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Religious and cultural dress as school: a comparative perspective

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dc.contributor.author De Waal, E
dc.contributor.author Russo, C J
dc.contributor.author Mestry, R
dc.date.accessioned 2012-09-03T07:38:14Z
dc.date.available 2012-09-03T07:38:14Z
dc.date.issued 2011
dc.identifier.citation De Waal, E., Mestry, R. & Russo, C.J. 2011. Religious and cultural dress as school: a comparative perspective. Potchefstroom electronic law journal (PELJ) = Potchefstroomse elektroniese regsblad (PER), 14(6):62-95 [http://www.nwu.ac.za/p-per/index.html] en_US
dc.identifier.issn 1727-3781
dc.identifier.uri http://hdl.handle.net/10394/7184
dc.description.abstract This article investigates and compares the different approaches towards the dress code of learners1 in South Africa and the United States of America (US), as the US mainly base litigation concerning school dress code on their freedom of speech/expression clause, while similar South African court cases focus more on religious and cultural freedom. In South Africa, school principals and School Governing Bodies are in dire need of clear guidelines on how to respect and honour the constitutionally entrenched right to all of the different religions and cultures. The crisis of values in education arises from the disparity between the value system espoused by the school and the community, and that expressed in the Constitution of the Republic of South Africa, which guarantees learners' fundamental rights, including those of freedom of religion, culture, expression and human dignity. On the one hand, the South African Schools Act requires of School Governing Bodies to develop and implement a Code of Conduct for learners, and on the other, that they strictly adhere to the Constitution of the country when drawing up their dress codes. The right of a religious group to practise its religion or of a cultural group to respect and sustain its culture must be consistent with the provisions of the Bill of Rights (which is entrenched in the Constitution) and this implies that other rights may not infringe on the right to freedom of religion and culture. In the US, although there is no legislation that protects learners' freedom of religion and culture at schools, their First Amendment guides the way. Their Supreme Court respects the religious values of all citizens provided that they are manifested off public school premises. While we acknowledge the existence of religious and cultural diversity at South African schools, this paper focuses on the tension among and on the existence of different approaches towards the human rights of learners from different religious and cultural backgrounds in respect of dress codes. en_US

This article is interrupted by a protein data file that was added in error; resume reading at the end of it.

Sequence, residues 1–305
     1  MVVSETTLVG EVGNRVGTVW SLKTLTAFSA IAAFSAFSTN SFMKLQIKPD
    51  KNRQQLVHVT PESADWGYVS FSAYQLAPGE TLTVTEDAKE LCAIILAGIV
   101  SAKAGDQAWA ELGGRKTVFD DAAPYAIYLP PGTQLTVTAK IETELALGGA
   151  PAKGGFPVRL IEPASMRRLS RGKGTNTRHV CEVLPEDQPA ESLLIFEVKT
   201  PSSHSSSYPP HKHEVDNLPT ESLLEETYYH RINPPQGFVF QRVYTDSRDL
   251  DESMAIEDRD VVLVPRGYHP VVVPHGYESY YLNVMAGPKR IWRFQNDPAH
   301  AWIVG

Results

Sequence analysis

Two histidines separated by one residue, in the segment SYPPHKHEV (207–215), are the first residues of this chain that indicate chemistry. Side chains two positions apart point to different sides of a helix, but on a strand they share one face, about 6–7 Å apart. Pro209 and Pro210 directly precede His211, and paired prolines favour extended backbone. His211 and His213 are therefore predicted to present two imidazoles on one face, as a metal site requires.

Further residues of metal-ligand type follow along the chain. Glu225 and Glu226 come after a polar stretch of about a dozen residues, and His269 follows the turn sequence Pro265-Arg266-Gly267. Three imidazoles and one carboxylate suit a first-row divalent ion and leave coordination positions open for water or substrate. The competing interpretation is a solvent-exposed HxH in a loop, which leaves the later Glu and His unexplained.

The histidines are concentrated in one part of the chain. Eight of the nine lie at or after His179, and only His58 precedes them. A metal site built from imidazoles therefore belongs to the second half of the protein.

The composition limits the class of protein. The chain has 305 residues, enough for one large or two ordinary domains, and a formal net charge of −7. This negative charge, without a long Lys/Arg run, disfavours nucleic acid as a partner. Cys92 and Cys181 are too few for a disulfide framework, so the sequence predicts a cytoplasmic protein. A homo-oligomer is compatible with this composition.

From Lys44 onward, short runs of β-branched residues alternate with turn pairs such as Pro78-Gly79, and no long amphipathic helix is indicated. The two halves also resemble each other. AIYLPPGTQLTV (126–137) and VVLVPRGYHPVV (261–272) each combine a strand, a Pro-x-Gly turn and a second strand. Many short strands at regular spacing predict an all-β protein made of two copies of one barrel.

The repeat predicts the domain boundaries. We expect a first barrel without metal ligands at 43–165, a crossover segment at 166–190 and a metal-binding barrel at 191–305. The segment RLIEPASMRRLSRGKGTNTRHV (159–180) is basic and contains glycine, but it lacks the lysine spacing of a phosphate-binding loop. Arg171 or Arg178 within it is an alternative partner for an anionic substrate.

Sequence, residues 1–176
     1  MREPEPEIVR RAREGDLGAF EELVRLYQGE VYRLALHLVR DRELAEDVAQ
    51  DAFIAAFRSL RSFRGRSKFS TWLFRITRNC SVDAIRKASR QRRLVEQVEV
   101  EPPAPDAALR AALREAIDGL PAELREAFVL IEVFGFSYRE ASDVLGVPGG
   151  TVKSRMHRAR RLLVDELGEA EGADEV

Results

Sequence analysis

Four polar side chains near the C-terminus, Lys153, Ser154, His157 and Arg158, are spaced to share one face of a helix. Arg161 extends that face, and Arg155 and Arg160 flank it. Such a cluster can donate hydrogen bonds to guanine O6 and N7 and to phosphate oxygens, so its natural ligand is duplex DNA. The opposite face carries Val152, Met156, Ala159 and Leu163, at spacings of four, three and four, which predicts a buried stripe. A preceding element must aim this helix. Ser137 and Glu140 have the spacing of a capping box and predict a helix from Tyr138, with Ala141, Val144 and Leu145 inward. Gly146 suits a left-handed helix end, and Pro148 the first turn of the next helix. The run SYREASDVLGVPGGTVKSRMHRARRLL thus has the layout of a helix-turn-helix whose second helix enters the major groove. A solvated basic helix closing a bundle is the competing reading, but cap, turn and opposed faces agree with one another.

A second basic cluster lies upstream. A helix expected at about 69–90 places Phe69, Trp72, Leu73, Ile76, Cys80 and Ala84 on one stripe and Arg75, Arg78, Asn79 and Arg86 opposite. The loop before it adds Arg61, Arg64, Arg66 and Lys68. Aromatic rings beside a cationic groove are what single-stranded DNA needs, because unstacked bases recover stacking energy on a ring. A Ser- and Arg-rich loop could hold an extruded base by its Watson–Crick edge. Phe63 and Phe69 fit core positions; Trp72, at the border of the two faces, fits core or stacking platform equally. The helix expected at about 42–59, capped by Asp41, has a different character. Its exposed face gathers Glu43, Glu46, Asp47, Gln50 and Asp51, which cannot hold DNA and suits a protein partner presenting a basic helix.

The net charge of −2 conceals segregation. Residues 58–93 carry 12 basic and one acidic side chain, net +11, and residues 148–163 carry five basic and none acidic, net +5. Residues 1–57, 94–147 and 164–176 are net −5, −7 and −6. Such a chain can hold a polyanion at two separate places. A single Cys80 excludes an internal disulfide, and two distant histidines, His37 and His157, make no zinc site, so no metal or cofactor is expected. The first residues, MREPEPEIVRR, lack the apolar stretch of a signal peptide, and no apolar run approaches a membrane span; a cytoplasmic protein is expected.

dc.language.iso en en_US
dc.subject Religious dress en_US
dc.subject Cultural dress en_US
dc.subject School discipline en_US
dc.subject Learners' rights en_US
dc.subject Comparison with the United States of America en_US
dc.title Religious and cultural dress as school: a comparative perspective en_US
dc.type Article en_US


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